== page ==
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The first 10 amendments To the U. S. Constitution

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Presentation on theme: "The first 10 amendments To the U. S. Constitution"— Presentation transcript:

1 The first 10 amendments To the U. S. Constitution
The Bill of Rights The first 10 amendments To the U. S. Constitution

2 Who determines what the Bill of Rights mean?
The Supreme Court makes rulings on the meaning The Supreme Court balances the rights of the individual with the needs of society Individual?? Society??

3 The first amendment—5 rights mentioned
Freedom of Speech Freedom of Religion Freedom of the Press Freedom of Assembly Right to petition the government

4 Five Rights in the Amendment
Freedom of Religion Freedom of speech Freedom of the press Freedom of Assembly Petition the government

5 Freedom of Religion Establishment clause Free Exercise clause
“Congress shall make no law respecting an establishment of religion or prohibiting the free exercise there of” Two clauses: Establishment clause Free Exercise clause

6 Establishment and free exercise clause often conflict with each other
In schools, the religion issue is most prevalent If a student raises his hand and says “teacher, can we say an opening prayer before this test” If the teacher says: “Yes”, It looks like establishment of religion “No”, It is deigning a student free exercise.

7 Establishment Clause—Government cannot promote religion

8 Establishment clause-Government Cans Cannot
Teach about religions in school Allow voluntary prayer in many examples Transport students to a religious school Read Bible for culture or literacy content Set a state religion Government cannot order a prayer Teach religious doctrine in the school Pay seminary teachers Teach creationism

9 Free exercise of religion

10 Free Exercise—The person Can Cannot
Choose whatever religion Lead a prayer in most examples Ask questions about religions Worship who ever you want Break the law and claim it is religious belief Raise children without education Deprave children of basic needs

11 Freedom of speech “Congress shall make no laws abridging the freedom of speech”

12 Free speech– The individual can:
Say any political belief Protest (without getting out of control) Say things about someone that are true Burn the flag Say racist and hate slogans Free speech means someone might say something you disagree with

13 Free speech—limits on the person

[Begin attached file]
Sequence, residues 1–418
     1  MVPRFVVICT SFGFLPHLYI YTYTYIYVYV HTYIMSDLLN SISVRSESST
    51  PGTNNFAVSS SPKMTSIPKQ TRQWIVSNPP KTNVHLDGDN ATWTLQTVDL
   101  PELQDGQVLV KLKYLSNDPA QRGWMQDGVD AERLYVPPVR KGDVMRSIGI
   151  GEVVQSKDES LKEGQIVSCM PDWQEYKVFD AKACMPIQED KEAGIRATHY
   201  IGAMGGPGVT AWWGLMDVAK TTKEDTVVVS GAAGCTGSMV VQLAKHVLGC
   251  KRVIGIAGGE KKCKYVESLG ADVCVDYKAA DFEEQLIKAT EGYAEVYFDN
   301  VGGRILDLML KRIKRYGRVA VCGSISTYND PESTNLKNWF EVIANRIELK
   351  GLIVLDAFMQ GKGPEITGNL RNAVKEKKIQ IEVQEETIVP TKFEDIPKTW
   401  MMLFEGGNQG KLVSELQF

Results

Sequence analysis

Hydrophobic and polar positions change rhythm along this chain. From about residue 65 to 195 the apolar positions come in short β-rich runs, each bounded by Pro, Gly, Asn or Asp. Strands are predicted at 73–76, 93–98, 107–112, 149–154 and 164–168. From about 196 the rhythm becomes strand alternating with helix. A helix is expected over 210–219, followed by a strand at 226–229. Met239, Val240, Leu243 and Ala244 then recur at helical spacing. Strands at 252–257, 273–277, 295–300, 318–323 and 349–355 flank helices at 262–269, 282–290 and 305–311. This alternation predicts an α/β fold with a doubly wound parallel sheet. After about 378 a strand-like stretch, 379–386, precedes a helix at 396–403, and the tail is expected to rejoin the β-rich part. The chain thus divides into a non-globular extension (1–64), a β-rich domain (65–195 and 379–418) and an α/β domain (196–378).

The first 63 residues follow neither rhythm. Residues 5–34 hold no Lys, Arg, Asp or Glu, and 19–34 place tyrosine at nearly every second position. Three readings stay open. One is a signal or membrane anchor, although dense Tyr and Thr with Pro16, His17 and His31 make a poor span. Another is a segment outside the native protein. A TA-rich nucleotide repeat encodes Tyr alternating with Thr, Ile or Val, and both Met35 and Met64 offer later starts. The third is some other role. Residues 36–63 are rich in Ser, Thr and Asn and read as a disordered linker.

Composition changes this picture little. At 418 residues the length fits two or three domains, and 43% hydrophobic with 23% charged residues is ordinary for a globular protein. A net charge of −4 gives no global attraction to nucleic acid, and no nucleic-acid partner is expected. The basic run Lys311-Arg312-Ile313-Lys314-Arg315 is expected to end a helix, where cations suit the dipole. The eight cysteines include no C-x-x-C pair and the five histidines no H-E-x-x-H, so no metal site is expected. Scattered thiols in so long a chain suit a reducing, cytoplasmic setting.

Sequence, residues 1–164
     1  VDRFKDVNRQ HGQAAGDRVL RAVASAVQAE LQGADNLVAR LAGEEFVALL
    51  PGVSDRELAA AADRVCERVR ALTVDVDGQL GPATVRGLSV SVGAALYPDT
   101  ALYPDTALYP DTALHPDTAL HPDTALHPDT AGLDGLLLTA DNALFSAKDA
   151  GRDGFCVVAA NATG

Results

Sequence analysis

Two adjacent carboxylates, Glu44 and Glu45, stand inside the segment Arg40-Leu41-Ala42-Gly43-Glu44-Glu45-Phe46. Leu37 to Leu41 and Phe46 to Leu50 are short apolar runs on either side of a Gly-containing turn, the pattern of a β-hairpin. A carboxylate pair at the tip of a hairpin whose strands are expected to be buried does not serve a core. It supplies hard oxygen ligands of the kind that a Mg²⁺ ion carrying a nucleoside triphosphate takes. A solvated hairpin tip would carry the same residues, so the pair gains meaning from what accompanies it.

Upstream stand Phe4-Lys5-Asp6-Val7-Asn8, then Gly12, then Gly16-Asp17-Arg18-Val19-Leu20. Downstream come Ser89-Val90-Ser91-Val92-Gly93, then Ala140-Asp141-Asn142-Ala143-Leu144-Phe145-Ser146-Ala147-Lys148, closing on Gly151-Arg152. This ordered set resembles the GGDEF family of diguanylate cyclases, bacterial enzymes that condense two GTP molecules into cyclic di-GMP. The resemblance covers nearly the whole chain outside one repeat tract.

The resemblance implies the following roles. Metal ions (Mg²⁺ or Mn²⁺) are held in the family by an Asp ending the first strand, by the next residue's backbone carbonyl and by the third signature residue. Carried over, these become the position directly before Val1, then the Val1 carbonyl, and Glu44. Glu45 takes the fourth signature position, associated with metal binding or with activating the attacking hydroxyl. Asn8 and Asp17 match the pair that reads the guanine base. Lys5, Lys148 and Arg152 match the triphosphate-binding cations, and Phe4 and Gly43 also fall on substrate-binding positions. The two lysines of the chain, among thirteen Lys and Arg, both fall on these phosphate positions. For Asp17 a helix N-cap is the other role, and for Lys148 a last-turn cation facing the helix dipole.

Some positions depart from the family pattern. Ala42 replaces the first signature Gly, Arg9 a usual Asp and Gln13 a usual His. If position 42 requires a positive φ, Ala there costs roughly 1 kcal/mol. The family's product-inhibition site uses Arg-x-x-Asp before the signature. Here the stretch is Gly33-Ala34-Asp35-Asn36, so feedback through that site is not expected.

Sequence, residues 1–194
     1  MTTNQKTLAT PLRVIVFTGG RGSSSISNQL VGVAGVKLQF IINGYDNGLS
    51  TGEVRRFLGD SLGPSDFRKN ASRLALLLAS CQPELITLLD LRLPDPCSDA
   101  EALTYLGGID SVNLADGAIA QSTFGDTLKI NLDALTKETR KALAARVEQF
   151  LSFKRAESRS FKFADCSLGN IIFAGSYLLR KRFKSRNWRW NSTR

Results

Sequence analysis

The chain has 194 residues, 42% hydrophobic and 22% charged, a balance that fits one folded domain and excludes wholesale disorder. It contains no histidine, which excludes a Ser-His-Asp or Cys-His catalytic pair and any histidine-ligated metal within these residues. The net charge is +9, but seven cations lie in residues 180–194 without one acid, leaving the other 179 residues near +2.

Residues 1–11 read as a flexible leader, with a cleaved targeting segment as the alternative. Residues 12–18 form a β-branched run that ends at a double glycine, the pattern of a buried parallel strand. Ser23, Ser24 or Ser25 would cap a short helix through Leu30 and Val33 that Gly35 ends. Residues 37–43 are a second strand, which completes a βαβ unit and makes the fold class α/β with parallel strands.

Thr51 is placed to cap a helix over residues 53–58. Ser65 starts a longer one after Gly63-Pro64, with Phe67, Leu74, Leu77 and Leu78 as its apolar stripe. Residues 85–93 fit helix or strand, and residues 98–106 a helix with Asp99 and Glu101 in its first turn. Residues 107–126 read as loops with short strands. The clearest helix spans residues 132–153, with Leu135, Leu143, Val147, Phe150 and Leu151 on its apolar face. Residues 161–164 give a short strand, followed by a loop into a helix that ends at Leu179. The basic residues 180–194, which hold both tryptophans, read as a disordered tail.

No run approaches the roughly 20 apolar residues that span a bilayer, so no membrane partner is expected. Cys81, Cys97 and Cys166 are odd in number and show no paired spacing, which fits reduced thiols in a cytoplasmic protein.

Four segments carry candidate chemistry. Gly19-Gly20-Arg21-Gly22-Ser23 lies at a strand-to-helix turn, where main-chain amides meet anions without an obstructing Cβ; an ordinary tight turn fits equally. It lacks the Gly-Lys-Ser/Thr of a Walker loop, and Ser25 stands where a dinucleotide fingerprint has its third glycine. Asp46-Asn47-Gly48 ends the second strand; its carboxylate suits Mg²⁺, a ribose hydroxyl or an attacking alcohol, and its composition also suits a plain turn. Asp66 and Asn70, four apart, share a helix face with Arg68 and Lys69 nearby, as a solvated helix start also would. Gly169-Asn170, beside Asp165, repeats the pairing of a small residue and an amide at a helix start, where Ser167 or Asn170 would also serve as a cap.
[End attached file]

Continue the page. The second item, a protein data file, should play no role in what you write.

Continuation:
Threaten to blow up airplanes, schools or the president Sexual harassment Create too much social chaos Extremely crude language in a public form Disrespectful, vulgar language in schools Hate crimes

14 Freedom of the press Congress shall make no law abridging the freedom of the press.”

15 Freedom of the press-the press Can Cannot
Print any political position Make fun of people, especially politicians Expose wrongs by the government Say things you might not agree with Libel– intentionally injuring a person’s reputation by false facts Disclose defense-security secrets Detail how to make a certain weapons

16 Freedom of Assembly Congress shall make no law Abridging The people to peaceably assemble”

17 Freedom of Assembly--Individual Can Cannot
Protest Parade (with a permit) Parade chanting hate slogans Gang members can congregate in public Protest by throwing rocks and breaking windows Hang out on private land against owners will—loitering Teen curfew

18 Petition the Government
“Congress shall make no law Abridging the people. . . to petition the government for a redress of grievances”

19 Petition the government
You may sue the government for wrongs You cannot be punished for exposing wrongs by the government The courts decide the wrongs

20 2nd Amendment—Right to bear arms
“A well-regulated militia, being necessary to the security of a free state, the right of the people to bear arms shall not be infringed.”

21 What is the debate with the right to bear arms?
How much can the government keep guns from criminals and youth? In order to keep guns away from criminals, does that limit the right of law abiding citizens?

22 Gun debate continued Thousands of people die every year because of guns Thousands of crimes are prevented because of guns Shoes representing gun deaths.

23 Third Amendment The Government cannot force you to shelter soldiers in your home without your consent in time of war or peace.

24 Rights of the Accused Amendments #4-8 Important to preserve freedom

25 Fourth Amendment What does a policeman need in order to search your home? A warrant given to him by a judge Probable cause is also needed

26 Fifth Amendment You cannot be tried for the same crime twice—called “Double Jeopardy” You do not have to testify against your self. “I plead the fifth” You must have due process of law before you are convicted The government cannot take your land unless it pays.

27 Sixth Amendment Right to speedy trial by impartial jury—meaning not favoring either side

28 Sixth Amendment continued
You must be told of charges You must be provided a lawyer if you cannot afford one

29 Eighth Amendment No excessive bail No cruel and unusual punishment

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